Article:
Norton Internet (Useless) Security

My uncle came today with his laptop – he said that he suspect it’s infected with some kind of virus.
Took a quick look, and found Norton Internet Security. I instantly got the hunch that this will take some time to take care of.

Indeed… took me about 4 hours to fully clean the laptop. The laptop was in a very bad condition; it was infected with about 130+ viruses. Norton Internet Security however didn’t give a single warning. Everything is okie-dokie, according to it. Totally useless junk.

The Internet connection was hosed too. Looking around, found on asus.com website that this is caused by doing a system restore. Yes, the virus is messing around with XP’s system restore feature, and while doing it managed to cripple the modem too.
So I downloaded the 10 MB modem driver (no small feat here with Indonesian’s puny internet access), uninstall the modem, and reinstall it again.
Voila – working Internet connection.

Back to Norton Internet Security – I’ve decided to call this piece of junk “NOrton internet Useless SEcurity” (NO-USE).
I uninstalled it completely, then installed AVG anti virus and ZoneAlarm firewall. All free, and all works MUCH better than NO-USE. Shame on you, Symantec – and you call yourself a security company ?

A few years ago I got NO-USE for free from my bank (Barclays) when they first introduced their online banking facility. It was a trash back then – it destroyed my Windows installation so thoroughly, I had to do a clean reinstall.
It has managed to do a bit better now, I didn’t have to reinstall this laptop. However, letting viruses slip past its firewall, and then failed to spot 130+ viruses in the laptop ?
It still sucks, big time.

Stay away from it. You’ll thank me for that.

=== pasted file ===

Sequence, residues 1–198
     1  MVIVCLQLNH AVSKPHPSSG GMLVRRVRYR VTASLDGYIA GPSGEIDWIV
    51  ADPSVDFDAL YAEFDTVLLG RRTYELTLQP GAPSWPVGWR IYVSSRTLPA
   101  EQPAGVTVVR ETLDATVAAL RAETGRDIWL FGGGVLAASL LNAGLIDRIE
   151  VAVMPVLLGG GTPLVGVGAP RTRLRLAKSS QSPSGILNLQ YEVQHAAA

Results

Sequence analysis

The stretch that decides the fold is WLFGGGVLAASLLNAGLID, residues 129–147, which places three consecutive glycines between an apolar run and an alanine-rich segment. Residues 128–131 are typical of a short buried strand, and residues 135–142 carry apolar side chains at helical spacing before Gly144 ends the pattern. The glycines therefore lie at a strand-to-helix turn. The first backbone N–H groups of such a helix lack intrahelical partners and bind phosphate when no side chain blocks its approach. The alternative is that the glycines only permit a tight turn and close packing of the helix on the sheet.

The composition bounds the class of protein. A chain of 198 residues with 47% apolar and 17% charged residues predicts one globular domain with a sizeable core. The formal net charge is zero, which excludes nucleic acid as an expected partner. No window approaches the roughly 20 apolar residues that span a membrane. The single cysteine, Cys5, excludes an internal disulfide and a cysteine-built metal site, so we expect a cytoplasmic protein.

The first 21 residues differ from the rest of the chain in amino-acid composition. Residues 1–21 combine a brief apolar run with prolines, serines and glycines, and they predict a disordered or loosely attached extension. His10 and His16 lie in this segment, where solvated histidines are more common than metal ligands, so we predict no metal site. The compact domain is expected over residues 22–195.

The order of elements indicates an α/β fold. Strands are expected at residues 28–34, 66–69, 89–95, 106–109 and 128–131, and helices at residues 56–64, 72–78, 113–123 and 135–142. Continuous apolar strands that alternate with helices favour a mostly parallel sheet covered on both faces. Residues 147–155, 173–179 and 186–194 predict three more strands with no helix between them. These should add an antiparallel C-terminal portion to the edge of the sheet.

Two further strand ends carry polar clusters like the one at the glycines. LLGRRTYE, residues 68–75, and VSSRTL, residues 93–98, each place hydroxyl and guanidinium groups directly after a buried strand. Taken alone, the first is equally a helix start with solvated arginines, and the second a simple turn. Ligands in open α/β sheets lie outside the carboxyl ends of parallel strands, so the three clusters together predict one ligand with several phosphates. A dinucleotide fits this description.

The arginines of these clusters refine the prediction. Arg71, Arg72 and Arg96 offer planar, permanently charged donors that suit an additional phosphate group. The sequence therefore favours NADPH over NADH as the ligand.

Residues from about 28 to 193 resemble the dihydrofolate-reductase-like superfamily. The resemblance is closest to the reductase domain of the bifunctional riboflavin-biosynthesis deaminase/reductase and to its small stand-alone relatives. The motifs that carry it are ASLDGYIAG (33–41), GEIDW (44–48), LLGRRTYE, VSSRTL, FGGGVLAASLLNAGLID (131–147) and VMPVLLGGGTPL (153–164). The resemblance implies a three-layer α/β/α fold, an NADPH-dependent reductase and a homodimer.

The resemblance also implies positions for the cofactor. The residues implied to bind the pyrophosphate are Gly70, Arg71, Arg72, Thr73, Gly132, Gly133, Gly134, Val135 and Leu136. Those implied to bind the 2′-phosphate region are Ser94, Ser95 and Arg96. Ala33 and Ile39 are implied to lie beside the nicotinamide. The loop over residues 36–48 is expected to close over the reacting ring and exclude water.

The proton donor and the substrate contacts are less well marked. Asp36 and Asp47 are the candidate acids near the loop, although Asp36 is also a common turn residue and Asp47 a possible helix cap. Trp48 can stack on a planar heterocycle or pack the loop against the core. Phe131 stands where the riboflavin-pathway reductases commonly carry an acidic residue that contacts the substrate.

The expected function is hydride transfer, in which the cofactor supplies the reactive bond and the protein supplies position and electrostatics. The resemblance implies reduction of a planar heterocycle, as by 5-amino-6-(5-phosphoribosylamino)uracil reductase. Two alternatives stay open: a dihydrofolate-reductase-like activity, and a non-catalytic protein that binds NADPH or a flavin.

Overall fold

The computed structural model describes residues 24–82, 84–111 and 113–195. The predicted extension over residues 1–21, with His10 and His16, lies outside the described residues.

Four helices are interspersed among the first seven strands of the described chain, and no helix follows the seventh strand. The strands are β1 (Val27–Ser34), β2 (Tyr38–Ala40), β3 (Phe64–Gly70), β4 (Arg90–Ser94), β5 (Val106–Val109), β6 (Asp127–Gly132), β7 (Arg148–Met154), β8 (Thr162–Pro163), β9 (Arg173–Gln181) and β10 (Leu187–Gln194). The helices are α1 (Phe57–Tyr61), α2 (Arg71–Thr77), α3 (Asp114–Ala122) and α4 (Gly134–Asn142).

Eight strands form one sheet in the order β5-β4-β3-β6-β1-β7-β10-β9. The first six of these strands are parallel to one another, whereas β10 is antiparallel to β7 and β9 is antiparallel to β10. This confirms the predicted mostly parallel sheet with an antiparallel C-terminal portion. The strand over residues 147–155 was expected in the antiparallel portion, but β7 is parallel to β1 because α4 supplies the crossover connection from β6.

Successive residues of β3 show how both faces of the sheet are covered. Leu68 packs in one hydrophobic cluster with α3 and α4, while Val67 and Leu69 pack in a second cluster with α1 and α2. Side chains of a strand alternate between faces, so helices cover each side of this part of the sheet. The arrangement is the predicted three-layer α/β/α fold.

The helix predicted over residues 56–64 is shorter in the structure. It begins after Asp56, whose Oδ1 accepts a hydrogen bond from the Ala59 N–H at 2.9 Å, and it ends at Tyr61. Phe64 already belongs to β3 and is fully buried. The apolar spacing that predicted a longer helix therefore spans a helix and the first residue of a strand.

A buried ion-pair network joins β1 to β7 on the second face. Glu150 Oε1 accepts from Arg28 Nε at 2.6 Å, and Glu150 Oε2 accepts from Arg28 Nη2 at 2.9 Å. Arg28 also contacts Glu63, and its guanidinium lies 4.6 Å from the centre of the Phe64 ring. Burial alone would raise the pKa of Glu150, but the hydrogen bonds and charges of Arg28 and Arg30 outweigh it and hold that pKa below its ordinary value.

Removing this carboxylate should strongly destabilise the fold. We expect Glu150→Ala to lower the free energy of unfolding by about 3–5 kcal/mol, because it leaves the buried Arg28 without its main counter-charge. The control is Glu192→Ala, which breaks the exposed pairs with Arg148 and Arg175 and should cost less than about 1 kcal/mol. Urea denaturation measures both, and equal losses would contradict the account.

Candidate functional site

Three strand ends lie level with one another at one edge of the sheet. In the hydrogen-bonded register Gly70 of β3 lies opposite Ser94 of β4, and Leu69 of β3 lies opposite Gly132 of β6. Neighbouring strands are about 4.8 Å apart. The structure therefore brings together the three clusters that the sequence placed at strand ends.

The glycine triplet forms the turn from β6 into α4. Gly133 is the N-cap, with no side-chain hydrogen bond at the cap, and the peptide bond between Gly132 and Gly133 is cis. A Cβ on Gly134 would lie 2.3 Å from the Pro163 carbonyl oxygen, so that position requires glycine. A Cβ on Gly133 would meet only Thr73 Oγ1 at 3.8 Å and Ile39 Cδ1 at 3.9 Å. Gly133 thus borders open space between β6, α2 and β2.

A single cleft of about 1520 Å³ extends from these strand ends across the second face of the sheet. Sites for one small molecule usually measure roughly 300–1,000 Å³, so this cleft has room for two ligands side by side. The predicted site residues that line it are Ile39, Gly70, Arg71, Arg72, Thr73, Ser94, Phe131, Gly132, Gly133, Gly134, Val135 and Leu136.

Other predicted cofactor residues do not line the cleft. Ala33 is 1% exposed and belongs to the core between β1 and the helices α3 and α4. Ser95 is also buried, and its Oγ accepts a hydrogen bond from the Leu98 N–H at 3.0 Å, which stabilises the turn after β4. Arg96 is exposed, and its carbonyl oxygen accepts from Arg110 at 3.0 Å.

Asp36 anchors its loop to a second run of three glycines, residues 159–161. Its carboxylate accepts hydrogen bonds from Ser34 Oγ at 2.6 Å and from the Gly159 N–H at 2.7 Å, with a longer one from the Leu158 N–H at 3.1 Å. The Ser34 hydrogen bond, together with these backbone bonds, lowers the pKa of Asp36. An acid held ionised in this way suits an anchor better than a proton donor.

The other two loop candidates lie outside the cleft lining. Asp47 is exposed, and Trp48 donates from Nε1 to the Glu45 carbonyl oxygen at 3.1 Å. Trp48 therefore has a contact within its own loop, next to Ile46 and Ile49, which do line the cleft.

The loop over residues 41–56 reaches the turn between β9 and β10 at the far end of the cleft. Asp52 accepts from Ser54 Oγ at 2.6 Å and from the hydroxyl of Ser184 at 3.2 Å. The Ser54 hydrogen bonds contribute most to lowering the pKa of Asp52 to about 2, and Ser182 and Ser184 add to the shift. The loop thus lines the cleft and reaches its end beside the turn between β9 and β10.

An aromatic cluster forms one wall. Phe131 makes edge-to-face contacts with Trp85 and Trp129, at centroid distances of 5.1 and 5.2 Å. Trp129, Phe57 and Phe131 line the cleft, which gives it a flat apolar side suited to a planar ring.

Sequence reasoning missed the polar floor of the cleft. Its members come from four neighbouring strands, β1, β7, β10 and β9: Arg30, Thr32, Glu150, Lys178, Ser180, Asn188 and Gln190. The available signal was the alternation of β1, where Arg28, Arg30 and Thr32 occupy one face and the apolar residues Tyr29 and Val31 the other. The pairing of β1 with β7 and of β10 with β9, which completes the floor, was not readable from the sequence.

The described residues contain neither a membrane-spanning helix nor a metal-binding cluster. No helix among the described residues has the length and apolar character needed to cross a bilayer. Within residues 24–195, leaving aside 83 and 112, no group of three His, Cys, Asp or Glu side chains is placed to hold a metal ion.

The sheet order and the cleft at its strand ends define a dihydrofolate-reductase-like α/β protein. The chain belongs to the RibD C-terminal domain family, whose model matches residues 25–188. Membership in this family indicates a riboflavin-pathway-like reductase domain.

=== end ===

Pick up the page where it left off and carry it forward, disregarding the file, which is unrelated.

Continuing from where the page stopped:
Addendum:
Here’s another reason why it sucks. Unbelievable.

4 thoughts on “Norton Internet (Useless) Security

  1. Strange points detected here :

    1. “The laptop was in a very bad condition; it was infected with about 130+ viruses. Norton Internet Security however didn’t give a single warning. Everything is okie-dokie, according to it.”
    Then how do you manage that the laptop is infected with 130+ viruses if the Norton said OK, nothing?

    2. “while doing it managed to cripple the modem too.” So, the use never had any mean to connect Internet. I bet he never download any update for antivirus also, right? Then any antivirus or IDS software will as good as the latest update it got. No update, do not expect it to run properly.

    3. “AVG anti virus and ZoneAlarm firewall. All free, and all works MUCH better than NO-USE”. OF course, they are newly updated since you downloaded it just now. BTW, is the user having update contract with Symantec, is it legit software or pirated one?

    4. “However, letting viruses slip past its firewall”. Firewall is not designed to handle virus intrusion, dude.

    I am not being paid by Symantec to do this defence, but looking the way you put your reasoning, I am too itchy for not commenting with above lines.
    As an IT professional, you should give a better analysis, do not insult your own intelligence 😀

  2. For Comment #1 :

    Let’s get things straight…

    1. Ever thought that the 130+ viruses found was found on the laptop using AVG…?

    2. The modem was disabled AFTER he (this blog author) ran System Restore. You do know what that means, right?

    3. Well, I had the same Norton Internet Security installed. It’s legit, and updated regularly. It came bundled w/ the purchase of my VAIO. After a few months, I uninstalled it, and installed avast! instead. NIS is like a monolith; it’s heavy, and it’s just there sitting doing nothing.

    4. What is your concept on a ‘virus’? If a worm is also a virus then you should know that there are worms/viruses that propagate through networks. A firewall should, at least, block unknown/supicious incoming/outgoing connection(s).

    Anyway, it might be that the user just clicked ‘Yes’ or ‘Allow’ everytime NIS asked whether to allow or block a connection. *rolls eyes*

  3. #1 –

    1. by installing AVG (http://www.grisoft.com) instead 🙂

    2. according to the user, he connected to the Internet ONCE, together with the vendor (who installed NO-USE). Apparently, this was enough for the virus to get in, and wreak havoc with the laptop.

    3. NO-USE should be able to update itself, IF it’s able to block the viruses. However, it failed to block the viruses, so then the viruses crippled the modem. Thus disabling NO-USE from updating itself.
    About the license – no idea, but he bought it in Singapore, so I assume it’s legit.

    4. There are viruses nowadays who spread around via Internet, directly connecting to Windows’ open ports to spread itself to another victim.
    A good firewall is supposed to be able to block this. But of course, we’re talking about NO-USE here 🙂

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